The ACT Government’s $137 million coronavirus stimulus package announced today includes rebates on residential rates to help ease cashflow pressures for Canberra households, and a freeze on a number of government fees and charges.
ACT Chief Minister Andrew Barr said the economic survival package was the first phase in the Government’s plan to protect as many jobs as possible and support Canberra households and businesses.
The Government will freeze the fire and emergency services levy, public transport, vehicle registration and parking fees, and introduce a number of measures to support small to medium businesses as they adjust to social distancing requirements and an expected downturn in the local economy.
All residential ratepayers, 168,000 households, will receive a $150 rebate on the fixed charge component of their 2020-21 rates, while 6000 businesses will have their annual fixed charge of $2622 accredited automatically, for properties with an AUV below $2 million.
The rates package amounts to $41.7 million.
People who receive the utilities concession, about 35,000 households, will have $200 applied to their electricity bill, while small businesses that use 100 megawatts a year will have $750 automatically applied to their accounts.
Public housing tenants, about 12,000 households will receive $250 to complement the $150 Commonwealth payment.
There will be a six-month waiver of payroll tax from 1 April for businesses in the most-affected sectors such as tourism, hospitality and entertainment.
Medium-sized businesses with payrolls up to $10 million will be able to defer their 2020-21 payroll tax liability, interest free, until 1 July 2022. Businesses with payrolls under $2 million don’t pay payroll tax.
The government will accelerate payment of invoices for local enterprises to increase cash flow.
The government is waiving all food business registration, liquor licensing and outdoor dining fees for 12 months from April.
Taxi and ride-share fees will also be waived.
There will be a $20 million fund to boost screwdriver-ready minor capital works projects that don’t need procurement processes, and $3 million to fast track urban forest and public realm maintenance.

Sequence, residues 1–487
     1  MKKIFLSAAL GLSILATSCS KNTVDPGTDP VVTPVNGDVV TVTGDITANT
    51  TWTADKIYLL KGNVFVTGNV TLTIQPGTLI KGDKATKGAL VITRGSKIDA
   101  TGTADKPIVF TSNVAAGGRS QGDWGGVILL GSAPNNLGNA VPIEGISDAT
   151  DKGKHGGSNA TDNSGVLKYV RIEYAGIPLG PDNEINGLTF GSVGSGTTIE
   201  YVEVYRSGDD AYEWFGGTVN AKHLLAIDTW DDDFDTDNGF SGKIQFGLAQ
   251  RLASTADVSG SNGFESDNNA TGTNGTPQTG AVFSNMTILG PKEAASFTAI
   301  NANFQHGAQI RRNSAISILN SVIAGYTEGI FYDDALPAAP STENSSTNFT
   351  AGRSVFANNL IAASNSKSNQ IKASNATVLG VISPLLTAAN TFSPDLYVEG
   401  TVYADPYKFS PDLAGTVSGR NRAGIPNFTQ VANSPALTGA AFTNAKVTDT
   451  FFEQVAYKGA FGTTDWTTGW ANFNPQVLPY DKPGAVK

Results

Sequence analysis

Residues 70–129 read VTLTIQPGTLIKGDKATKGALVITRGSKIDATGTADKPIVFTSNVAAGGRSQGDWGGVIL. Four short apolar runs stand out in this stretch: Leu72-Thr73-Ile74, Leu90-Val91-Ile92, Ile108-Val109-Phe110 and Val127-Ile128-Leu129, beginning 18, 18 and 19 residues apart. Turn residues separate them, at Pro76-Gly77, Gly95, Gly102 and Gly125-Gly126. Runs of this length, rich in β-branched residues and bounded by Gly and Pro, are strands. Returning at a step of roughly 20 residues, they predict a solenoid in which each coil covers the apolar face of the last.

Casual and gig economy workers will also receive support, as well as clubs and the VET sector.
“We will provide an additional payment of $1.5 million, as well as freeing up the existing $1.8 million in the Clubs Diversification Fund to support our clubs to keep staff employed on the clubs’ award rate,” Mr Barr said.
Subsidies for apprenticeships, traineeships, and other VET students will be increased through a $2 million injection into the sector.
The community sector will benefit from $7 million package to meet increased demand for emergency relief.
Lifeline ACT with get an additional $100,000 to bolster its support services following a recent spike in calls.
The government will also bring forward $500,000 in arts grants to keep local arts groups going.
ACT Government agencies have been instructed to prioritise the processing of development applications, with 10 more staff for the DA assessment team in addition to the new front line staff announced in the 2019-20 Budget.
Mr Barr said the government would use existing payment systems so people did not have to contact the government.
“I wanted to be able to deliver the benefits quickly,” he told ABC radio this morning.
The government will also boost resources to support public health services to continue providing essential health services to the community and to respond to the additional demands of the COVID-19 pandemic.
This includes funding for respiratory assessment clinics and to increase inpatient beds and ICU capacity across the Territory, maintain COVID-19 testing capacity and purchase additional medical equipment and supplies.
The stimulus package is likely to be the first of four initiatives to support the ACT economy.
“In the first phase of our response, the ACT Government will implement a range of measures to reduce cashflow pressures in the short term for low-income households and local small and medium businesses in the industry sectors that are most impacted,” Mr Barr said.
“We must save as many local jobs as possible as our economy adjusts to the difficult decisions being made at the national level to flatten the transmission curve and support our healthcare system.”
Mr Barr said the economic impacts of the virus would be felt for years, and required a phased response both before, during and after the anticipated peak in COVID-19 cases across Australia.
“We will announce further packages as we transition through the different phases of this crisis,” he said.